Innovative Financing and Partnerships for Water Initiatives

Report
1
A Green Thumb for the Invisible Hand
Green Infrastructure and Beyond
2
Who Are We?
Founder and Partner of EKO Asset
Management
Merchant Bank for Ecosystem Services
We invest in people, projects, and
companies in this space
Backed by investors such as Wolfensohn
and Co., David Blood, Rothschild Family,
etc.
Match patient capital to people, projects,
and expertise on the ground
Flexible in investment approach
3
Who are we Really?
4
Where are We?
5
The Man-made Planet
6
Two Systemic flaws
First we don’t value nature...
We neither see nor pay for the
services it provides
It doesn’t show up on anyone’s
books
Secondly, we don’t learn from
nature...
We don’t see it as technology to be
emulated... and valued
Bio-mimicry to a new level
7
“Irrigation of the land with
seawater desalinated by...
... fusion power is
ancient. It's called rain”.
Michael
McClary
Natural
Infrastructure
•
Why does Infrastructure always have to be
man-made?
•
Nature provides infrastructure solutions:
• Flood control
• Pollination
• Clean air
• Clean water
• Stormwater management
•
Cities and businesses are beginning to
realize that these “natural infrastructure”
solutions are better, cheaper, more efficient
•
Can we invest in “natural infrastructure” the
way we invest in “grey infrastructure”?
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9
Grey vs. Green Infrastructure
10
The Stormwater Opportunity
Stormwater runoff generates 10 trillion gallons of untreated,
polluted water each year
Federal “Clean Water Needs Survey” has identified over
$100 billion of infrastructure investment needed over the next
twenty years to address stormwater and sewage overflows
Decline in traditional funding sources for municipal stormwater
improvements (municipal budgets and federal funds)
Traditional “gray” infrastructure has proven environmentally
and economically costly, integration of green infrastructure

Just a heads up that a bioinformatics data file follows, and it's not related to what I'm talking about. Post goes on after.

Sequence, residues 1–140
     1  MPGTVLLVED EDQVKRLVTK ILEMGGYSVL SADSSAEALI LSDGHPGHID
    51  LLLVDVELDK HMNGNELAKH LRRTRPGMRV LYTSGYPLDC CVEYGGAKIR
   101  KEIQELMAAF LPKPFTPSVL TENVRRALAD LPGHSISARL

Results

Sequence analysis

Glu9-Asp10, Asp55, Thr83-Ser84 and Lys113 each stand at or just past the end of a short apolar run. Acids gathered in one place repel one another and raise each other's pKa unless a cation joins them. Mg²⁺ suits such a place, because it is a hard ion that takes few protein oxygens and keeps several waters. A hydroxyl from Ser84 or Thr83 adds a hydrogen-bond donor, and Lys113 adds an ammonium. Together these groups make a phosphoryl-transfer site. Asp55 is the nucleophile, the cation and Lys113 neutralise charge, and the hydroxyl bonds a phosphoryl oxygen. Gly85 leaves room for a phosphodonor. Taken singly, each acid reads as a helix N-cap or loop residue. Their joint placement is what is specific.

(GI) can help:
Reduce the costs of clean water compliance
Improve urban quality of life
Create green job growth
Encourage economic revitalization
11
Philadelphia’s Answer
Over the next 25 years, Philly is committed to deploying the
most comprehensive network of green infrastructure found in
any U.S. city. Plan is unique among US cities because it:
Invests more in green infrastructure than in traditional
(“gray”) infrastructure
At least $1.67 billion -- potentially up to $2 billion – for
greened acres.
Relies on green infrastructure for a majority of the
required reductions in sewage overflows.
Leverages investments from the private sector to help
satisfy pollution reduction requirements
Substantial portion of greened acres will come from
redevelopment projects, which must meet local
stormwater performance standards.
Plan dovetails with various programs that incentivize
private property owners to retrofit existing development –
including stormwater fees and credits.
12
Green Infrastructure: From
this..
13
Green Infrastructure: To this...
14
Green Infrastructure: From
this..
15
Green Infrastructure: To this...
16
Green Infrastructure: From
this..
17
Green Infrastructure: To this...
18
Green Infrastructure: From
this..
19
Green Infrastructure: To this...
20
So How do you Fund it?
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Financial Challenges
Most commercial owners will seek third-party financing for retrofits due to longer
payback periods (~10 years)
Similar challenges to financing as energy efficiency sector
Lack of collateral, existing mortgages on property, unproven track record of project performance
Early investment will likely require some combination of the following:
Long term stormwater fee structure and discount longevity assurance
Utilization of existing revenue collection streams - property taxes and utility bills
Given performance uncertainty: some form of credit enhancement to insulate early investors from
potential losses
22
Pay-for-Performance
• Reaps most cost-effective GI investment opportunities
city-wide, across full range of land types, and facilitates
project aggregation on city-scale
• Example: Government entity contracts to make a
regular payment to a private or nonprofit entity which,
under the terms of the PfP contract, will deliver and
manage a specified number of greened acres for a fixed
period.
• Benefits:
• Lower the costs of construction and maintenance
• Accelerates project implementation (aggregators can bundle
projects, not rely on individual owners’ decisions to retrofit)
• Access new sources of investment capital
• Preserve municipal balance sheet capacity
• Incentivize optimal performance by shifting performance risk to
private partners where payments are tied directly to performance.
23
Galileo Galilei
“What greater stupidity can be imagined
than calling jewels, silver, and gold
‘precious’ and earth and soil ‘base’?
People who do this ought to remember
that if there were a greater scarcity of
soil as of jewels or precious metals,
there would not be a prince who would
not spend a bushel of diamonds... to
have enough soil to plant a jasmine in
a little pot, or to sow an orange seed
and watch it sprout, grow and produce
its handsome leaves, it fragrant
flowers, its fine fruit.”
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“In theory there is no
difference between theory and
practice.
... In practice there
is.”
Yogi Berra

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